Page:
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Aidiladha Through The Global Lens

Let’s see how Muslims from around the world celebrate the feast of sacrifice.


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Aidiladha Through The Global Lens

Here in Tanah Airku, Muslims are more than ever giddy to celebrate Aidiladha (the Feast of Sacrifice) as we’re all seeing it as the Hari Raya that we had to forsake this year. Everyone finally get to flaunt their Baju Raya that had to be put into hiding while we were in movement control order.
 
All the long overdue meets up and celebration with families are finally happening! *tears of joy*

 


But! And it’s a big BUT.
 
Please mind your distance with everyone especially the elderly. Even though they are the most elated to meet everyone, they are also the most at risk to contract the virus so no hugging hugging, kissing kissing ah.

 

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Also, since Aidiladha (also known as Hari Raya Qurban) is all about sacrificing, this will be our biggest sacrifice this year- minimising the festivities for the sake of our loved ones. So not being able to entertain too many guests does give you a lot of time on your hands huh? Don’t worry, we’re here to roll out a little compilation of the different ways of how other people from all over the world celebrate Aidiladha in their own culture and traditions to cure your boredom and curiosity.
 
Ready? Let’s go!
 

1. Korea

 

KOREA

In Korea, Muslims from many different nations, including Arabs and Persians, as well as people from Southeast Asia, Central Asia, Africa or elsewhere, will be gathering at the Seoul Central Masjid, which hosts the biggest service in the country. The sacrificial ritual will have to adhere to Korea’s Livestock Products Sanitary Control Act; therefore, the Korea Muslim Federation are not allowed to perform an actual animal sacrifice on-site. To compensate, they offer bread and milk to those who came to the mosque in Itaewon.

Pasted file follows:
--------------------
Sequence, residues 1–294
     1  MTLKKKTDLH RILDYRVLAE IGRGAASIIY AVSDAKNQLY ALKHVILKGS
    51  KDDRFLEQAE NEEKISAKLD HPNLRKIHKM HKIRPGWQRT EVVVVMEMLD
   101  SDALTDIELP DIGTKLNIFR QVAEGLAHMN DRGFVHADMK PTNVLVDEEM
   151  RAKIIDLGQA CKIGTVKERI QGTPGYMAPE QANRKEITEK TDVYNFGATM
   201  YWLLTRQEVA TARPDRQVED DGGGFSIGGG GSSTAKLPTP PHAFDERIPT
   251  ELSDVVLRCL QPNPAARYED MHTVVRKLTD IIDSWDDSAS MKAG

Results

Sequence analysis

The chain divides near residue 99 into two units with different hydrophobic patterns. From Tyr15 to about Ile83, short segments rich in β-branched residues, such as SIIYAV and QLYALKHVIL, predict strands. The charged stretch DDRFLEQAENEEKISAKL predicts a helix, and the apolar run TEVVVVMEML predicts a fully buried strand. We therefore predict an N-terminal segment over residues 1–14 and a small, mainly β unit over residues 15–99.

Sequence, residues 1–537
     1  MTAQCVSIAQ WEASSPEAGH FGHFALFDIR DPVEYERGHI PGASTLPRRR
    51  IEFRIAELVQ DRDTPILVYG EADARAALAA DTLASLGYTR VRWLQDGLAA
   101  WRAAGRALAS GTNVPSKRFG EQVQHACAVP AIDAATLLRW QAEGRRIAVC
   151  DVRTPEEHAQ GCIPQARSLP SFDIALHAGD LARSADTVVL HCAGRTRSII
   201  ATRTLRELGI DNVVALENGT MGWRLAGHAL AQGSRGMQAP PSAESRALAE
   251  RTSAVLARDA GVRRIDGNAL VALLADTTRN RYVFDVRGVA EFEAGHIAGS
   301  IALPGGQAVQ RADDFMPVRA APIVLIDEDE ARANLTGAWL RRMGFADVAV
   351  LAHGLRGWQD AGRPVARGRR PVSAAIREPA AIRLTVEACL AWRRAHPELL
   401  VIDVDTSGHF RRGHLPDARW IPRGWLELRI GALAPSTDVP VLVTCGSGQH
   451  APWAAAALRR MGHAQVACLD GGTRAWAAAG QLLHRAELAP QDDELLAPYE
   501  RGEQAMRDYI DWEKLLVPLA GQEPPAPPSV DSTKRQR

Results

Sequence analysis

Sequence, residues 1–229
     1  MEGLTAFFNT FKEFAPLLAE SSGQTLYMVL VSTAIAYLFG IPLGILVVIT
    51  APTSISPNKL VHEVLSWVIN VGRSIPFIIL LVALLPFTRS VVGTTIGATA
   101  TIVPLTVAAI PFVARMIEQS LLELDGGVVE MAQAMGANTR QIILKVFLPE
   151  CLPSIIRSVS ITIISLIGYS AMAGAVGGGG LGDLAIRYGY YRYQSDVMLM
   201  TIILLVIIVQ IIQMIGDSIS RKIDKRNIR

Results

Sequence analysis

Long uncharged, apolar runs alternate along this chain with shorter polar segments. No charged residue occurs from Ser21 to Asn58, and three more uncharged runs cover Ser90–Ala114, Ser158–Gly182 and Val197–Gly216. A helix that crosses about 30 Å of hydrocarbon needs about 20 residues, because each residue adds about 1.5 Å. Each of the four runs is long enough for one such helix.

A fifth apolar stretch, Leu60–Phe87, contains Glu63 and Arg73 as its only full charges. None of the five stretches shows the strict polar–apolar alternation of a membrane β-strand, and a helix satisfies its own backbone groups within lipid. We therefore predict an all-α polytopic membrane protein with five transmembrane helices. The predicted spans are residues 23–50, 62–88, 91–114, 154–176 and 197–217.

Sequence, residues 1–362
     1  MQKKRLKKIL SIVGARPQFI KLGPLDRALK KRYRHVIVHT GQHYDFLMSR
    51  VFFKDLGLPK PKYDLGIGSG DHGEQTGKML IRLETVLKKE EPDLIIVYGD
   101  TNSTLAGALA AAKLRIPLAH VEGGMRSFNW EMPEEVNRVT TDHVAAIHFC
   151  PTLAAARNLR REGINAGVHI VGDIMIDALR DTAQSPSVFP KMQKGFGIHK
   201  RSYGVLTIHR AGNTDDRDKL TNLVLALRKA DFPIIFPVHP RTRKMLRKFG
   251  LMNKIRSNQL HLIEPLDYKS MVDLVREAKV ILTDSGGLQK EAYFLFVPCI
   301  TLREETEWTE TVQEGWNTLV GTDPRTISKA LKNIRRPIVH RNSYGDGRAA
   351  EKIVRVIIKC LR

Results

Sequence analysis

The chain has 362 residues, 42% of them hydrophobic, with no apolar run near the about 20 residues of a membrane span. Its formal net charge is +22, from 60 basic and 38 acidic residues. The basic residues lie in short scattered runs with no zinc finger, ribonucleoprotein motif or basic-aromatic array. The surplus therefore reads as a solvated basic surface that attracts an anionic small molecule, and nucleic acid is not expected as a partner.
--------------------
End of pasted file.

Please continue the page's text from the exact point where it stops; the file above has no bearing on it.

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Many Muslims visit nearby halal restaurants with their friends and family after the service, to follow the tradition of having a delicious lamb meal on that day.
 

2. America




United States does not recognise Aidiladha as a public holiday however, some Islamic organisations may be closed or reduce their level of service and local mosques will experience some traffic congestion. In New York City on the contrary, the day is considered a holiday for public schools.
 

via GIPHY


Many Muslims in the United States celebrate Aidiladha with prayers and social gatherings. It is also a time to celebrate the different heritages, including Pakistan, as well as Eastern European and African countries, by wearing traditional clothes and sharing their national dishes. Like elsewhere in the world, it is a time for prayer, sharing meals, handing out gifts and wishing good health to one another.
 

3. United Kingdom




Muslims in the UK usually will begin the day by performing “Ghusl”, a full-body purification ritual followed with dressing in their finest outfits and head to the local mosque for a prayer service. Afterward, it is customary to wish one another Eid Mubarak, which translates as “have a blessed Eid,”.
 

via GIPHY